Monica looked at the screen. She watched it for a moment, expecting something to happen, then realized that the screen had seemed unchanged the whole time she had been there. Since the monitor was the only source of light, if something had changed, she probably would have noticed. The longer it went on, the closer she moved to the screen, as though getting a better look would somehow unravel the mystery. She was about six inches from the screen when she found her voice.

“How long has it been like this?”

“This time? About 20 minutes. If the pattern holds, I have about 7 more minutes to wait, and then it will show me the change I just made. Sadly, because preview isn’t working, if I don’t like the way it looks, I have to undo, which will take 10 more minutes. Undo is faster, thankfully.”

Monica turned to stare at him. “Chris this is ridiculous.”

Chris looked at her over his glasses. “Oh, thank you so much for telling me, Monica. I feel so validated.” The sarcasm was back and thick.

“Ok, fair, that was stupid. I’m just now discovering the hell you’ve been in for…”

“Since I started here.”

“What? That’s…why didn’t you quit?”

“So glad you’re happy to have me, coworker. I didn’t quit because I have bills to pay, and because I don’t like walking away from problems, I like solving problems, so I’m competitively staring at the loading screen.”

“You mean to tell me you told them it takes half an hour to make a single change to the file and they did nothing?”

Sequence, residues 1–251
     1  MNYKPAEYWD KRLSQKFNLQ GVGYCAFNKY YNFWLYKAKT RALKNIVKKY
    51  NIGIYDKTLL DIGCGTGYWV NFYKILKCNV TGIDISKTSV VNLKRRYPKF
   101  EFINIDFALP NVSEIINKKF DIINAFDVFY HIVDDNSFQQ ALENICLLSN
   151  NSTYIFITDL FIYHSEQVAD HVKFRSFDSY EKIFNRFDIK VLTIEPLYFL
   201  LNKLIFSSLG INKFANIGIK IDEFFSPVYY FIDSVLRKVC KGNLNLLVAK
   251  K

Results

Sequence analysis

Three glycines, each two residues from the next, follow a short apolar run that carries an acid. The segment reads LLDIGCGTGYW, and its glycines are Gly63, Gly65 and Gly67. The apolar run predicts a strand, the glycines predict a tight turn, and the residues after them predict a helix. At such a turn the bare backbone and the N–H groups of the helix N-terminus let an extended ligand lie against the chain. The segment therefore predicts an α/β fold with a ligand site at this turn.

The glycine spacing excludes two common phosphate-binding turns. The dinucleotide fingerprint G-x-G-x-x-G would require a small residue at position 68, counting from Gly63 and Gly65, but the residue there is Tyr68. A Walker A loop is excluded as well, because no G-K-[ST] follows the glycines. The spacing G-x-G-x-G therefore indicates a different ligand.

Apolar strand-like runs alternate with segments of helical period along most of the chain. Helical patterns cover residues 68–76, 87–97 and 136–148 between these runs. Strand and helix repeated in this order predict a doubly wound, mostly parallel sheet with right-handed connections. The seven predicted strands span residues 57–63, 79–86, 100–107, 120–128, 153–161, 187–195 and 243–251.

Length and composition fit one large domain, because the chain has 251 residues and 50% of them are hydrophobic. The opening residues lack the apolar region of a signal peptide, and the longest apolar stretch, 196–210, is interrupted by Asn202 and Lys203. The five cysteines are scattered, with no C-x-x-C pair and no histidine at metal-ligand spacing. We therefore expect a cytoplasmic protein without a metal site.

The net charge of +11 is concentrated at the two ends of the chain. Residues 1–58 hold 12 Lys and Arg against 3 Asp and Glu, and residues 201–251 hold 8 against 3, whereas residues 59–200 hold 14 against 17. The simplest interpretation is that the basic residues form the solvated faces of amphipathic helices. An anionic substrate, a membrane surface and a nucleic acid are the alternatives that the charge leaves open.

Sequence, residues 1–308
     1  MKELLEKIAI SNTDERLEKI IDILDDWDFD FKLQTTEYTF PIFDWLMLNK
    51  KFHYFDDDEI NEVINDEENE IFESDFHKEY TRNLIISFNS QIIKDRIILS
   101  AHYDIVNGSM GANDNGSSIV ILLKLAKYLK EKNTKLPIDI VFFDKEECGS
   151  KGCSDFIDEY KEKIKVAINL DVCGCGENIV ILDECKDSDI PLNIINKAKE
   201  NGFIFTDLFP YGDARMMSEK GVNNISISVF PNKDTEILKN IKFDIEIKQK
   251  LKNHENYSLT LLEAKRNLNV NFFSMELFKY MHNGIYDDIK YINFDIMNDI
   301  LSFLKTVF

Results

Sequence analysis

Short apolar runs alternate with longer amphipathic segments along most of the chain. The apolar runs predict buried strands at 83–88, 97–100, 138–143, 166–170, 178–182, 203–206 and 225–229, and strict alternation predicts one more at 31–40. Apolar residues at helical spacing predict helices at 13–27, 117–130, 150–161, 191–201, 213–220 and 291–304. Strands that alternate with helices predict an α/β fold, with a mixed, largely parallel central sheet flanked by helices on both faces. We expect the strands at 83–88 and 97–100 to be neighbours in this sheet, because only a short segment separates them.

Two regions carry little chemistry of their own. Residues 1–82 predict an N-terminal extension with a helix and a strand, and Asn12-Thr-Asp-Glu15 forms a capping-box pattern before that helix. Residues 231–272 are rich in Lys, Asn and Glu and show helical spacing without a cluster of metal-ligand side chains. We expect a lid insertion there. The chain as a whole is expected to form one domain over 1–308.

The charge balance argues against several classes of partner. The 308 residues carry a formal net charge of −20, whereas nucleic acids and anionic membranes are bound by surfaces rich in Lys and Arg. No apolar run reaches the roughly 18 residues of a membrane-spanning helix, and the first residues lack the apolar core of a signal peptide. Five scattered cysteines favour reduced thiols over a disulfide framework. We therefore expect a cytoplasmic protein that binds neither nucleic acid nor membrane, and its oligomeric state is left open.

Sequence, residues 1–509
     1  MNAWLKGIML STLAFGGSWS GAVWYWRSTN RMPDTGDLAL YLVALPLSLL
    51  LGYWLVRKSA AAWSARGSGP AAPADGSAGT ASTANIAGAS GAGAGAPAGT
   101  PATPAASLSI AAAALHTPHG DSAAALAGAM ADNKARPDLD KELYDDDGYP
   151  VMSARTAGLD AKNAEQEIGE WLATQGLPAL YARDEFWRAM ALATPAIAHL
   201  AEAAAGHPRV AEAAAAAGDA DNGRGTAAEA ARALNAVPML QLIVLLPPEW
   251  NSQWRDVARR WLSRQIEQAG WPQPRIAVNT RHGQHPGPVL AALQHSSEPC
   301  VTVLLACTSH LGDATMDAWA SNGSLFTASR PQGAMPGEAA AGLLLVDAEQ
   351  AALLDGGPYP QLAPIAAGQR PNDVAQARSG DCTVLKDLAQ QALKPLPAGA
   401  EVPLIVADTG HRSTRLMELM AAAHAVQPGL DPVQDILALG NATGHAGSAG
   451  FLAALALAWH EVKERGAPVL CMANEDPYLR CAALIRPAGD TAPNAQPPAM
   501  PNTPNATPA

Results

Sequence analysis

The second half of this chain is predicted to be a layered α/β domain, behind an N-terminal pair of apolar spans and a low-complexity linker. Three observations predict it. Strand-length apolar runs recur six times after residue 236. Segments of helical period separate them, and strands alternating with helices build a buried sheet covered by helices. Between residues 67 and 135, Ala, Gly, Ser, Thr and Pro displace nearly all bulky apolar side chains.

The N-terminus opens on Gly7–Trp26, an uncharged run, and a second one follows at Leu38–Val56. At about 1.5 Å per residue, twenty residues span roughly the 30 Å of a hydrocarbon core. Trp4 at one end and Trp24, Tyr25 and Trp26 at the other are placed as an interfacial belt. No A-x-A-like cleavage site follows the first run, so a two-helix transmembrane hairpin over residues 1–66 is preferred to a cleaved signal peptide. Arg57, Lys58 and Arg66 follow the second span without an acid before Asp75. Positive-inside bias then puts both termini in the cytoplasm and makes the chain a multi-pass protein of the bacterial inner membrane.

Chris scoffed. “They didn’t do nothing, they reminded me that they hired me because of how fast I said I was and that they better see more output and fewer excuses.”

“You’re serious?”

“I’m pretty sure they thought I was exaggerating the loading time…”

“Ok. I’m your witness. This is broken. No one can work with broken.”

“’Tis a poor craftsman who blames their tools,’ or at least that’s what Greg said.”

“Greg is an idiot.”

“That’s not news. That’s also not changing any time soon, so we have established the givens but not moved closer to a solution.”

Monica shook her head. “Why are you even here? If you stayed all night and clicked as soon as the loading stopped every time you still wouldn’t be able to finish.”

Chris was suddenly very small, even though nothing had really changed. “If I’m here 16 hours a day or more and I can only do half the job, maybe they’ll see it’s not me. If I left at 5:00 every day, they’d just say I wasn’t trying.”

Monica took out her phone, opened the camera, and pointed it at the screen. “This is Monica Lorenzo, it’s 8:32 PM on Wednesday—you can see the time stamp on the monitor. I am with Chris and we have been in this office together for several minutes, during which time this loading screen never changed. Chris says it was like this for several minutes before I walked in, too, and that it freezes like this for 20-30 minutes for each change. What I have witnessed already is unworkable for anyone—there is something wrong with the computer, it’s not Chris, and we have to do something about it or we will not be able to make deadline.” She recorded another few seconds of the screen and then turned off the camera triumphantly.

Chris looked at her, puzzled. “What will that do, exactly?”

Monica smiled. “Really piss off the client who I plan to accidentally CC.”

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